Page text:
Tiki-taka (commonly spelled tiqui-taca in Spanish) is a style of play in football characterised by short passing and movement, working the ball through various channels, and maintaining possession. The style is primarily associated with La Liga club FC Barcelona from Johan Cruyff's tenure as manager to the present, and the Spanish national team under managers Luis Aragonés and Vicente del Bosque. Tiki-taka moves away from the traditional thinking of formations in football to a concept derived from zonal play.
The late Spanish broadcaster Andrés Montes is generally credited with coining and popularizing the phrase tiki-taka during his television commentary on LaSexta for the 2006 FIFA World Cup, although the term was already in colloquial use in Spanish football and may originate with Javier Clemente. In his live commentary of the Spain versus Tunisia match, Montes used the phrase to describe Spain's precise, elegant passing style: "Estamos tocando tiki-taka tiki-taka." The phrase's origin may be onomatopoeic (alluding to the quick, short distance "tick" passing of the ball between players) or derived from a juggling toy named tiki-taka in Spanish (clackers in English).
The roots of what later would become known as tiki-taka lay in the style of play propagated and implemented by Johan Cruyff during his tenure as manager of Barcelona from 1988 to 1996. It continued to develop under Barcelona's Dutch coaches Louis van Gaal and Frank Rijkaard and was subsequently adopted by other La Liga teams. Barcelona's tiki-taka tradition led to greater success for the team during Josep Guardiola's managerial tenure from 2008 to 2012, and the system has been credited with producing a generation of technically talented, often physically small, players such as Xavi, Andrés Iniesta, Cesc Fàbregas, and Lionel Messi; players with excellent touch, vision and passing, who excel at maintaining possession.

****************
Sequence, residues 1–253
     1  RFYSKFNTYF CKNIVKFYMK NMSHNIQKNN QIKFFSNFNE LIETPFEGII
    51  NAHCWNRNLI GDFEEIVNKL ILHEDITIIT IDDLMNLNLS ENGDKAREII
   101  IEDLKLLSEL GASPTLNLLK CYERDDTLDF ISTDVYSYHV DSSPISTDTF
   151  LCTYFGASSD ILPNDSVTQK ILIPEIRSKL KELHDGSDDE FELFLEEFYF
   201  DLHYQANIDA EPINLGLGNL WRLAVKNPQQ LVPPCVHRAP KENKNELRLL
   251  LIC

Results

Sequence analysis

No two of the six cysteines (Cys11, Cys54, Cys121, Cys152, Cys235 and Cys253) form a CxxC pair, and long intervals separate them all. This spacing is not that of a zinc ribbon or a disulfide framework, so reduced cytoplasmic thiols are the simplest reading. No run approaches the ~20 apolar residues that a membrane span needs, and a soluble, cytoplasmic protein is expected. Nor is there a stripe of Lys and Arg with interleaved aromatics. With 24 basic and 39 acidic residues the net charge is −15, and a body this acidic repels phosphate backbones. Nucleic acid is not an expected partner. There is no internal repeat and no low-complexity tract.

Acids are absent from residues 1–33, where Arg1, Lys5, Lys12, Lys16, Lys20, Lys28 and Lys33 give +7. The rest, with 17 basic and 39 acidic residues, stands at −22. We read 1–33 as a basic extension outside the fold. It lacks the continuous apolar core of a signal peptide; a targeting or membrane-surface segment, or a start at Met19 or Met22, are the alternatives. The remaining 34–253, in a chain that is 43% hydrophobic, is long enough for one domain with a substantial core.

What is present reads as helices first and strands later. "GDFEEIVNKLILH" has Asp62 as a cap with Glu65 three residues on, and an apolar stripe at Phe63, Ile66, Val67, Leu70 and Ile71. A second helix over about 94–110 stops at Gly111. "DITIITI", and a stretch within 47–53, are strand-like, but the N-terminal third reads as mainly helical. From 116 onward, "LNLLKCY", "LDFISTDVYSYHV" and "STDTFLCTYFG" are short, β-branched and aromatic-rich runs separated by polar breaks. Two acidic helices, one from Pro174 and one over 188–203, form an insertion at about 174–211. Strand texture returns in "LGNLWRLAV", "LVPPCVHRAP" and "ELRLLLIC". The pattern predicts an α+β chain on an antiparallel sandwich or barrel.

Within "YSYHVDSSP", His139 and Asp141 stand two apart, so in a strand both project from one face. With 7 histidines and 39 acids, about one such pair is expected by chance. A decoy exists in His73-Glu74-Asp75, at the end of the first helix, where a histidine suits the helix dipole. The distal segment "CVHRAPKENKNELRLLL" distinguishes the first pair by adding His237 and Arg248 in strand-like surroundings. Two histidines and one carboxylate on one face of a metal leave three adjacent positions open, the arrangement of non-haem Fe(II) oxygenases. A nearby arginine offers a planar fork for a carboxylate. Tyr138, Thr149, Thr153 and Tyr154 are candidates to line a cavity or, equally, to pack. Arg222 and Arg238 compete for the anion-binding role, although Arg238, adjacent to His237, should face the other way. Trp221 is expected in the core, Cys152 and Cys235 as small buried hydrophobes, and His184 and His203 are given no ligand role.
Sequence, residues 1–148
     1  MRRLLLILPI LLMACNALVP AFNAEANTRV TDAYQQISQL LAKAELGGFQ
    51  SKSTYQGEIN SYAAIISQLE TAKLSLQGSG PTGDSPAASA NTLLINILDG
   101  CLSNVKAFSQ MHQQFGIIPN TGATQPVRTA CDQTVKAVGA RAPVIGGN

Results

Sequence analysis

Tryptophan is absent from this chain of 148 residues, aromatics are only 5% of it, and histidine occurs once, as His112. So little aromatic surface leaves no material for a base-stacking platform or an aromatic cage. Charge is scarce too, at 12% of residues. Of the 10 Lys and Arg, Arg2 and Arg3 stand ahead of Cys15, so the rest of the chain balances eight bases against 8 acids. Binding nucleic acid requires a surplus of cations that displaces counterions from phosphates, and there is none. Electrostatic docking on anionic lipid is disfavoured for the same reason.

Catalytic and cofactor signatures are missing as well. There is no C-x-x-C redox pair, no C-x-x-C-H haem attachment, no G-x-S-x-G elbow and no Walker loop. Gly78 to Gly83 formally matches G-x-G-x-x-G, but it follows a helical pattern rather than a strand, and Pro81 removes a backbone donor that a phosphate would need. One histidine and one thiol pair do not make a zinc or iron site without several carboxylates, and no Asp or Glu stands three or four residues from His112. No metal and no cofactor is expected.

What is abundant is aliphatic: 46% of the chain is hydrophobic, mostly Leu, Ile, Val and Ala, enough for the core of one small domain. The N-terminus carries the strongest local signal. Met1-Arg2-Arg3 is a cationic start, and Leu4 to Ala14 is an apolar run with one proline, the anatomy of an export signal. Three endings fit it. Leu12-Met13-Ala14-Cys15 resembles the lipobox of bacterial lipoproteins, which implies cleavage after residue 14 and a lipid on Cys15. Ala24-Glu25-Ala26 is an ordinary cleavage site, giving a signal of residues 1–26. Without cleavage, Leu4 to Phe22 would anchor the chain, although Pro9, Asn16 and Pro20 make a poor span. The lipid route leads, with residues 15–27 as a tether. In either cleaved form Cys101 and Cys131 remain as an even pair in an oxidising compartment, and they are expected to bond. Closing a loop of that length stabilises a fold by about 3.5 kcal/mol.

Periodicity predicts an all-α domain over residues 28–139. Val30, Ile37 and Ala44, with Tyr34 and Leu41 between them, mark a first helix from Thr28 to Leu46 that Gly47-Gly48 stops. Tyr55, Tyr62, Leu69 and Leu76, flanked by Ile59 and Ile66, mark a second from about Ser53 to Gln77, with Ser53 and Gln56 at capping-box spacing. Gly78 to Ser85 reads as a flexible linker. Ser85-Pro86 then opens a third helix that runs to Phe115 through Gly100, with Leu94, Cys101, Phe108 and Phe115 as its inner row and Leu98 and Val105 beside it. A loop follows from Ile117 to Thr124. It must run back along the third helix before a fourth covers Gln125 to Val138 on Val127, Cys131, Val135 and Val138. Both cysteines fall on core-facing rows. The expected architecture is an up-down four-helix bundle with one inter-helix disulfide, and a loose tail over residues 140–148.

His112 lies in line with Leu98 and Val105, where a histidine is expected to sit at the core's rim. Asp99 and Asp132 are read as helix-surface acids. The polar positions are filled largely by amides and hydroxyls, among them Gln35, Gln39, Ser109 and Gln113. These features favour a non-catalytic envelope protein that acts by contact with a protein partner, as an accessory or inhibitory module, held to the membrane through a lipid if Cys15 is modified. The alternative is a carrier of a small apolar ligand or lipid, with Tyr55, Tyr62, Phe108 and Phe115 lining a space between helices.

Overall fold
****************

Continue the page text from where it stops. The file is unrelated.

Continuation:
Raphael Honigstein describes the tiki-taka played by the Spanish national team at the 2010 FIFA World Cup as "a radical style that only evolved over the course of four years", arising from Spain's decision in 2006 that "they weren't physical and tough enough to outmuscle opponents, so instead wanted to concentrate on monopolising the ball."
Jed C.Davies, football coach at Oxford University and author of 'coaching the tiki-taka style of play' believes that tiki-taka football is "among other things, a conceptual revolution based on the idea that the size of any football field is flexible and can be altered by the team playing on it. In possession, the formation should intend on creating space and therefore making the pitch as big as possible" and the opposite when not in possession via Valeriy Lobanovskyi's full pitch aggressive pressing. Pep Guardiola is famed for saying "You win the ball back when there are thirty metres to their goal not eighty."